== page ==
Following European Medicines Agency (EMA) authorisation, Sobi™ UK and Republic of Ireland have made Kineret® (anakinra) available to treat UK patients with Systemic-Onset Juvenile Idiopathic Arthritis (SJIA) and Adult-Onset Still’s Disease (AOSD).
SJIA and AOSD belong to the autoinflammatory Still’s disease continuum, as both rare conditions share similar epidemiology, genetic features, clinical presentation and course. However, SJIA begins before 16 years of age, whereas AOSD begins in adulthood.
Kineret®, which is administered daily via subcutaneous injection, is a biologic immunosuppressive medicine which blocks the activity of a chemical messenger in the body called interleukin 1 (IL-1). IL-1 activity is associated with the typical SJIA and AOSD symptoms of arthritis in multiple joints, spiking fever, skin rash, hepatosplenomegaly, and serositis.
NHS England has now published its Clinical Commissioning Policy for the treatment of AOSD. Based on a review of the evidence, it has recommended that interleukin-blockers (IL-blockers), anakinra (IL-1) and tocilizumab (IL-6) can be used as a third line treatment for patients where the disease does not respond to corticosteroids and disease modifying anti-rheumatic drugs (DMARDs).
This follows on from NHS England’s Clinical Commissioning Policy on biologics for the treatment of JIA which states that anakinra may be considered for SJIA patients who are intolerant to or do not respond to treatment with methotrexate.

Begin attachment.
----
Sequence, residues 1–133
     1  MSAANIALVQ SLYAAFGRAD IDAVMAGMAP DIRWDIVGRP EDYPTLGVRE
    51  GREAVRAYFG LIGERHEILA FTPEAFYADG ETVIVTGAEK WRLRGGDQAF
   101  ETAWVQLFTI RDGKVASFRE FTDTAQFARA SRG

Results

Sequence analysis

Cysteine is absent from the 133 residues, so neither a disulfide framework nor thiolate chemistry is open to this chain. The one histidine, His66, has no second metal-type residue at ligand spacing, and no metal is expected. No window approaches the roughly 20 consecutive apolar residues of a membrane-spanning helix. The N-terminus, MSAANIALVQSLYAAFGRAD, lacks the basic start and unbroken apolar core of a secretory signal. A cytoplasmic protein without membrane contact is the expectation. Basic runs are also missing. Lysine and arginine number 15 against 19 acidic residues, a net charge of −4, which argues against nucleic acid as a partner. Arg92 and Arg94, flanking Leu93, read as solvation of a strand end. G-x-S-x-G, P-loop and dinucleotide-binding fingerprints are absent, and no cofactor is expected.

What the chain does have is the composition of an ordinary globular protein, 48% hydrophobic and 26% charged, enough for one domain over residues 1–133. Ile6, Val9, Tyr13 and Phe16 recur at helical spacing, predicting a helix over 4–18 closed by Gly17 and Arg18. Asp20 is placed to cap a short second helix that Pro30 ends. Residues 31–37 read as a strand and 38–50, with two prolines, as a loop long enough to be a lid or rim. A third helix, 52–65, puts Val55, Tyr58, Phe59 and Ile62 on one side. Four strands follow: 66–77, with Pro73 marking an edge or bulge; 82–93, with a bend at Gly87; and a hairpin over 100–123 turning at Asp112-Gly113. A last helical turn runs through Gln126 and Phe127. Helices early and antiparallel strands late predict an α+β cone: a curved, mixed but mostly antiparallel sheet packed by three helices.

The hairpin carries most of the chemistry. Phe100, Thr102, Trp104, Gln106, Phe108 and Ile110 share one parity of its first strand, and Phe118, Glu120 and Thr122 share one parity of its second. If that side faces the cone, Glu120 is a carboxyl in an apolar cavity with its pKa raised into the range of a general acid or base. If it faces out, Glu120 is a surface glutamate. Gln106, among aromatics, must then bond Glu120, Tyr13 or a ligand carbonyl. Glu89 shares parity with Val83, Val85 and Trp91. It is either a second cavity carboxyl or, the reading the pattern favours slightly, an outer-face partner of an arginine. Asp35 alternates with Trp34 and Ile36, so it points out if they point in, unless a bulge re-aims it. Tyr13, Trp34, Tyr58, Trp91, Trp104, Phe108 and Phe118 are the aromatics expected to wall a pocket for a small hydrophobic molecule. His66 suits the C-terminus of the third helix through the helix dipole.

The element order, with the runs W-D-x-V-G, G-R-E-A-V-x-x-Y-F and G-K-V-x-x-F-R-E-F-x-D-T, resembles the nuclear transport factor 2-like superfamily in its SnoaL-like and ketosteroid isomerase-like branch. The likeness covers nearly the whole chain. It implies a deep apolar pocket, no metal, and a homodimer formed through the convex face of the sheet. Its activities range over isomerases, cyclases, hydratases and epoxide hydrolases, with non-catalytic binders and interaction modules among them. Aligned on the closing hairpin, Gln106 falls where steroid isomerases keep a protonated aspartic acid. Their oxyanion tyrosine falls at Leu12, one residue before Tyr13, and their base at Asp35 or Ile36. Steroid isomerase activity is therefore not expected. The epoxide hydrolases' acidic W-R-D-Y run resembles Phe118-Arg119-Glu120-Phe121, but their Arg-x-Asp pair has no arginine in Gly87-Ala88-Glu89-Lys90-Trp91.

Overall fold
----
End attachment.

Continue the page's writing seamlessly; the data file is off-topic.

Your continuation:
Kineret® is already licenced in the UK for Rheumatoid Arthritis (RA) and Cryopyrin-Associated Periodic Syndromes (CAPS). The new indication follows market authorisation by the European Commission in April 2018 for the use of Kineret® in SJIA and AOSD patients over 8 months old, presenting with active systemic features of moderate to high disease activity, or continued disease activity after treatment with non-steroidal anti-inflammatory drugs (NSAIDs) or glucocorticoids.
The license authorisation is based on data from clinical trials as well as data from scientific literature and meta-analyses of published data. Overall, the evaluation of the medicine is based on pivotal data from more than 400 patients with Still’s disease, which has evaluated the efficacy and safety of Kineret® in patients with SJIA and AOSD.
Dr Sinisa Savic, Consultant in Clinical Immunology and Allergy at St James’s University Hospital in Leeds, says: “The new NHS England policy for patients with AOSD is a positive step, providing clinicians with additional options to treat patients who do not respond to corticosteroids and DMARDs. No therapy is consistently effective in all cases, so having additional treatments that can be given in a combination with other disease-modifying antirheumatic drugs or as a monotherapy will help to address this unmet need.”
Neil Dugdale, General Manager UK and RoI at Sobi™, states: “We are very pleased that Kineret is now licenced for patients with SJIA and AOSD, particularly because it has been granted this new indication, partly as a result of clinicians publishing their case reports over many years, as well as running small trials, showing very positive results.”